Canadian and American researchers tested the reaction times of 36 people with lesions in their frontal lobes and other parts of their brains. The lesions were caused by trauma, hemorrhage, surgery for benign tumors, and other acute disorders.
The reaction times of the people with the brain lesions were compared to reaction times of 12 healthy people in a control group.
The tests included measuring speed, sensitivity and response differences between study participants as they did tasks such as pressing a button in response to a specific signal. They also gauged how the people in the study sped up or slowed down in response to increasing distraction and redundant information.
When they analyzed the results, the researchers found that different types of attention problems were associated with injuries in different parts of the brain. In particular, they determined that the ability to screen out irrelevant information seems to be based in the frontal lobes' right side.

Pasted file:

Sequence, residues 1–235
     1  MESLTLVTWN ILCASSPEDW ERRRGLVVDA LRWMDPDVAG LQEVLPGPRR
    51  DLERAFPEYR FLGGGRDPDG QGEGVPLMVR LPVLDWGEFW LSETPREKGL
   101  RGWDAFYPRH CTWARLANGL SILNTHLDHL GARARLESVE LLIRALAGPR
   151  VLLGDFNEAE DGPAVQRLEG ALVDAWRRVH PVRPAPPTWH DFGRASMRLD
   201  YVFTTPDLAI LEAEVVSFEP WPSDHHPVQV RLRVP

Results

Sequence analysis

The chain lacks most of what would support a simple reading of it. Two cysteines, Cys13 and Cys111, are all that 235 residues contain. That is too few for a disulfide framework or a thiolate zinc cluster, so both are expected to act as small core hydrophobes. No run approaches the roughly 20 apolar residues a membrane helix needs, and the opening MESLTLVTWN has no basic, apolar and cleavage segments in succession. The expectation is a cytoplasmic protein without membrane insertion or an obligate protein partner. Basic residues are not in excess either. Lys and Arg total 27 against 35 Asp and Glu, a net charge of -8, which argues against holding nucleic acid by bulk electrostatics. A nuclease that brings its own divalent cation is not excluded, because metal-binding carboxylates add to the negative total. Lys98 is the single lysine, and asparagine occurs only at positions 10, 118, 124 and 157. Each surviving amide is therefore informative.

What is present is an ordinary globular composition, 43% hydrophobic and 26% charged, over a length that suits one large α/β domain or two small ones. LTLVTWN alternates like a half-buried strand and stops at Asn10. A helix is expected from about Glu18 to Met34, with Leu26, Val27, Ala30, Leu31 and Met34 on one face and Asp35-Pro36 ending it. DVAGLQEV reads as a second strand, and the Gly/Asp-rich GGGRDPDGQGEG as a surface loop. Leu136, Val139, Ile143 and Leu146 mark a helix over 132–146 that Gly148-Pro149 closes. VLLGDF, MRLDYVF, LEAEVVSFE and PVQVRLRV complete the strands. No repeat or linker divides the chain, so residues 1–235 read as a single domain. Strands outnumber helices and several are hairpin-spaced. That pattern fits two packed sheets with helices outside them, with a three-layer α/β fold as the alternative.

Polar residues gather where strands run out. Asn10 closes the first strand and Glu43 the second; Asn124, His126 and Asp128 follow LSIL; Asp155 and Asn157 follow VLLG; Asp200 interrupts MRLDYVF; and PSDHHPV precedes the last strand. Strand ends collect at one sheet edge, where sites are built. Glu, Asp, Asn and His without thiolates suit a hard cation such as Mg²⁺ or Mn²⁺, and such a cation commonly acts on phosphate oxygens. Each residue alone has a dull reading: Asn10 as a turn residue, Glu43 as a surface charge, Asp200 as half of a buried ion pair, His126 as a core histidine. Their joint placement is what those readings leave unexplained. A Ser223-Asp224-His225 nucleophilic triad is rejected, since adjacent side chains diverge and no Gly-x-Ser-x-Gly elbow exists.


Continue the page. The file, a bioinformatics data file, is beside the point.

The results show that attention involves at least three distinct processes that appear to be functionally and anatomically different, the study says. The findings add to scientific evidence that attention is a complex, multi-faceted process.
The findings could help lead to better treatment for people with attention disorders.
For more on attention and the human brain, visit the Massachusetts Institute of Technology.